Dot Hubbard receives Lifetime Achievement Award

Published 7:10 pm Tuesday, July 23, 2019

“Why not try to cook and sell peanuts?” Dot wondered. She decided to give it a try using her mother’s method of blanching the peanuts and then frying them in oil. Most cooks roast their peanuts. “It was different — a home recipe,” she said. A secret recipe that is still followed today with the help of specially designed equipment. — Submitted

By the American Peanut Council


According to the American Peanut Council, Dorothy “Dot” Hubbard was a trailblazer in terms of popularizing a peanut product, but she was also a female entrepreneur in a time when that was rare. Dot Hubbard, who passed away in 2002 at the age of 76, was honored posthumously on June 24 at the 2019 USA Peanut Congress with the APC’s Lifetime Achievement Award.

Mrs. Hubbard, who founded Hubbard Peanut Company in Sedley, Virginia, maker of the Hubs brand, perfected her unique family recipe and pioneered a technique for cooking Virginia peanuts that has become the industry standard for the gourmet Virginia-type peanut we know today, according to Sid Levy, chairperson of the APC, in presenting the award. Hubbard’s daughter, Lynne Rabil, president of Hubbard Peanut Company, accepted the award.

In his remarks Levy recognized that the Hubs “home-cooked” brand that Hubbard introduced 65 years ago culminated in the creation of a market category of gift quality peanuts often referred to as ‘gourmet’. Ultimately, her specification for the largest peanut from the crop has become a new and highly sought after ‘unofficial’ USDA grading standard of Extra Extra (super) Large.

Dell Cotton, executive secretary of the Virginia Peanut Growers, nominated Hubbard for the award. “Dorothy Hubbard was the first to make this type of peanut product accessible to anyone who wanted a Virginia peanut. Not only did her company grow, but it also led to the development of multiple gourmet processors in the Virginia/Carolina area that make up an integral part of our Virginia peanut industry. We can credit the foresight of the Hubbards for being the catalyst for and a large part of this industry for which our V/C farmers are so proud.”

Dot Hubbard packaging peanuts. — Submitted

In accepting the award, Rabil said, “We are so proud of Dot and only wish she could have known this day would come. Whenever I think of someone starting a business from scratch, I think of Dot. She began by literally hand-skinning peanuts in her tiny kitchen and as her business grew, she outsourced that step to other women around the community. With a set of twins, my brother, and me in tow, she drove around every morning picking up pans of peanuts. From there she grew into having truckloads of raw blanched peanuts delivered to Sedley.”

According to Rabil, her mother had a vision of sharing high quality — very high quality — peanuts that could be packaged and given as a gift. As word spread, she had to figure out the best way to ship these gifts. Rabil said, “Remember, this was before ZIP codes, FedEx, credit cards or computers and it was also at a time when if a woman worked, it was usually as a teacher (which my mother had been), a secretary, or as a nurse … not developing a home-based business … which is quite the trend today!”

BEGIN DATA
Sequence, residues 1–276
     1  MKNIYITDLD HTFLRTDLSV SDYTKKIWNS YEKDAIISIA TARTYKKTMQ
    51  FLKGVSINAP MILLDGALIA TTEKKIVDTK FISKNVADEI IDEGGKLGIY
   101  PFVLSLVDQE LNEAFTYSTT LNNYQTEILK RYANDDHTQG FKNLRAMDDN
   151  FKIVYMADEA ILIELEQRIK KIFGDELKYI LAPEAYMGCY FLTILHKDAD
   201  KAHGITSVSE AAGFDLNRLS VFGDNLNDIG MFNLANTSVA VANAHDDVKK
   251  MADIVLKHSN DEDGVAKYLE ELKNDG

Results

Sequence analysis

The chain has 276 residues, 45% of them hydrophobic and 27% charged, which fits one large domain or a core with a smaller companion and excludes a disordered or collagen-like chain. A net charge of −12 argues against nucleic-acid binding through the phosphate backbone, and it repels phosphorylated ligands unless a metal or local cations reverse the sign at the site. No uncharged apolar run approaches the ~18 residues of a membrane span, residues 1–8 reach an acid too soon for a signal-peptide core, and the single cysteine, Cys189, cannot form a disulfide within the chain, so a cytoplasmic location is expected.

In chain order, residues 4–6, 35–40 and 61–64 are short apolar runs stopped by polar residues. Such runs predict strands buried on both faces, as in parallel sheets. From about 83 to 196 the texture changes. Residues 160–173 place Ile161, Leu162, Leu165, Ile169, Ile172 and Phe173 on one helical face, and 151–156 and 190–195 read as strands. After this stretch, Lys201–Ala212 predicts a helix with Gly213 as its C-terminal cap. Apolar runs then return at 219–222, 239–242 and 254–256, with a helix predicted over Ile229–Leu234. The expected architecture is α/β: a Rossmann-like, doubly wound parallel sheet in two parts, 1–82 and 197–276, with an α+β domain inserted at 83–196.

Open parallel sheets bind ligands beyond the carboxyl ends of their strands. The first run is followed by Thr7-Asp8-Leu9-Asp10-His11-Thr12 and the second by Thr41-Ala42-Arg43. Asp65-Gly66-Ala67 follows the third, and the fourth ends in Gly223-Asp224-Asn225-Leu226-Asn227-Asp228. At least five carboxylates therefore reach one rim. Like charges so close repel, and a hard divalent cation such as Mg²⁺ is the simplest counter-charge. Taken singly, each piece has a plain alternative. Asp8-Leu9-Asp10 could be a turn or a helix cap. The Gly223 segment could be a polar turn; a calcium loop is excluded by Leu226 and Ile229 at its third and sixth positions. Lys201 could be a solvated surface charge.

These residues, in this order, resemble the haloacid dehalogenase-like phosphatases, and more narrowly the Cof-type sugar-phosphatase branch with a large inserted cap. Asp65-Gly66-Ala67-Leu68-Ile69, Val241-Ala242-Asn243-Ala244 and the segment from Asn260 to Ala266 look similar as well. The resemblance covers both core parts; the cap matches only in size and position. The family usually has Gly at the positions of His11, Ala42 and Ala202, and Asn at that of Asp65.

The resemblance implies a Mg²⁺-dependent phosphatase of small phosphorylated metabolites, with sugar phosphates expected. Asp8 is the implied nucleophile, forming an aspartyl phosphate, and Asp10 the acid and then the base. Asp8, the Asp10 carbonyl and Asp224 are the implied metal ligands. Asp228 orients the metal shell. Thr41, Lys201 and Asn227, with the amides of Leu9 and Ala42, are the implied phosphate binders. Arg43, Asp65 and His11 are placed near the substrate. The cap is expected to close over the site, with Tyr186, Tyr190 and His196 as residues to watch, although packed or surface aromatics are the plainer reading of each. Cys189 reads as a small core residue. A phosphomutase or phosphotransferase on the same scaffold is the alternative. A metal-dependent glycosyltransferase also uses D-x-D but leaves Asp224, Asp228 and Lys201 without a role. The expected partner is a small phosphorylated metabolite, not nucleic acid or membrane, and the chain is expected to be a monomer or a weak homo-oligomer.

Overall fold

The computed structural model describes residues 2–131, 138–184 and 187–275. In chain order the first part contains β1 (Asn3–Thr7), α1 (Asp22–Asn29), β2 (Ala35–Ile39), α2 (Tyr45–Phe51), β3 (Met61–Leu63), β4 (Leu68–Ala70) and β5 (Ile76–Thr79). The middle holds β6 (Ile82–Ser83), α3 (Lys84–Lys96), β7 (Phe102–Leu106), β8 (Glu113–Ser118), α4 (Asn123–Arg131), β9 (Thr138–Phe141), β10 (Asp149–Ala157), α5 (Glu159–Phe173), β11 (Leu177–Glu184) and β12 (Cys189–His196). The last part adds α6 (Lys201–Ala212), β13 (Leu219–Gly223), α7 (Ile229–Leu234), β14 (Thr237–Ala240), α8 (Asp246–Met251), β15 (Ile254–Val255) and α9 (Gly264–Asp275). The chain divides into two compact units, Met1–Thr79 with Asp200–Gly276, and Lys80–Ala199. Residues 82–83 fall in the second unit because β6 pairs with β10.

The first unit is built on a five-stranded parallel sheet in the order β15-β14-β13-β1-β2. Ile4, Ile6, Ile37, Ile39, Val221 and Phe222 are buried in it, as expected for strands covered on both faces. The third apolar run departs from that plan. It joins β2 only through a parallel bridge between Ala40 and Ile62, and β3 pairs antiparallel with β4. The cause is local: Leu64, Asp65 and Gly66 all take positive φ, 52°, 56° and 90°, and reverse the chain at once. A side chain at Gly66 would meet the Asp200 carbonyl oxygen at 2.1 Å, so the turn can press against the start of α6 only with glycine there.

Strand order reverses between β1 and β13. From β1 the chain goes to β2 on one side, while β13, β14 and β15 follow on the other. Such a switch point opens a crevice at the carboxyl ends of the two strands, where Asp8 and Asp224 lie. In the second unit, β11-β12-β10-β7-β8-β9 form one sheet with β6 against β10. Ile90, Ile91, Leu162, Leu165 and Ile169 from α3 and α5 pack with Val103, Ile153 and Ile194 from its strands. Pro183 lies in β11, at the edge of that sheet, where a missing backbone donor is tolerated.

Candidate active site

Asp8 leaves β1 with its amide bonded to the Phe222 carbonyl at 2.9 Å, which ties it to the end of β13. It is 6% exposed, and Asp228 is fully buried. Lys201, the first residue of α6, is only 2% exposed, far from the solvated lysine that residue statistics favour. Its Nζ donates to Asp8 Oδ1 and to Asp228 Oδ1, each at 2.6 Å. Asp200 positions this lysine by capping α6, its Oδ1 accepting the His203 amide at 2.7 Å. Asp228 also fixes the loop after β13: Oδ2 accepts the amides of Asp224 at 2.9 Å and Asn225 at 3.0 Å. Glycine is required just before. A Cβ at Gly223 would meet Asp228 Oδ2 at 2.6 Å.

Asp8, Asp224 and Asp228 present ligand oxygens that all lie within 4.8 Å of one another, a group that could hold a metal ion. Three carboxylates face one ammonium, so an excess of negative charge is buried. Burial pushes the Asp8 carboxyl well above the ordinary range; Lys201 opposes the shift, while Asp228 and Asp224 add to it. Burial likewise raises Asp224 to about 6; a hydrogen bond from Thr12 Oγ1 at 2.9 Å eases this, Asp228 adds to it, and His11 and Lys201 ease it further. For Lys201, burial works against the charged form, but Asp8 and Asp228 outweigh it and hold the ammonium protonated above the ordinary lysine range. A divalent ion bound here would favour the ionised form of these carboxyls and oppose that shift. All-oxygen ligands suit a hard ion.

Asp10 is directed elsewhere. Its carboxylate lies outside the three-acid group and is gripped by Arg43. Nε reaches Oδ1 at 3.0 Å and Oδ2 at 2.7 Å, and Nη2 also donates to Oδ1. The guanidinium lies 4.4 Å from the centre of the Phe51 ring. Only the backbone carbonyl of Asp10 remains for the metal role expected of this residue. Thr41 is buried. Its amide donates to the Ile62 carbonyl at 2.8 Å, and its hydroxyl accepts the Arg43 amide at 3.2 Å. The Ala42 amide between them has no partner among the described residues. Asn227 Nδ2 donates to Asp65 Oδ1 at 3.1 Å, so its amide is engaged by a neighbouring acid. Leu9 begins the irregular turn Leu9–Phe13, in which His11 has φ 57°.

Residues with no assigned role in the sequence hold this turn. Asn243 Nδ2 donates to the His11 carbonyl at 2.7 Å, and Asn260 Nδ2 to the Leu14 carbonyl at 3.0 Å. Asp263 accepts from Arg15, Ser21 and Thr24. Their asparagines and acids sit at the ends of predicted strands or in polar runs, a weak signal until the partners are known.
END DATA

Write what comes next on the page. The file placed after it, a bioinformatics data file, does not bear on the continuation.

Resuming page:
Rabil reminisced, “We have a photograph hanging in our office of Pope John Paul in Vatican City receiving a large tin of Hubs in a private audience with one of our customers. There were magazine and newspaper articles from famous food editors in San Francisco, Chicago and New York including MFK Fisher and Craig Claiborne. We have received letters from presidents of the U.S. and governors, including a letter from the 1973 Southern Governor’s Conference in Alabama where the wife of Georgia Governor Carter wanted to know the cooking secret for those peanuts that she had received from our Virginia Governor. The story from the White House was shared with us that President George H.W. Bush gave Hubs to the Prime Minister of Japan as a gift at the close of a major trade deal.”

Patrick Archer, president of the American Peanut Council, presents the award to Lynne H. Rabil, president of Hubs Peanuts in Sedley. — Submitted

After 65 years, Hubbard Peanut Company Inc. remains in Sedley where the original home has expanded into offices and production facilities. It continues to be owned and managed by the Hubbard’s children and grandchildren.

The American Peanut Council is a trade association based in Washington, D.C. Members include peanut growers, shellers, brokers, manufacturers and organizations that provide goods and services to the industry. The Peanut Congress, held annually, is a gathering of industry representatives from the United States and abroad.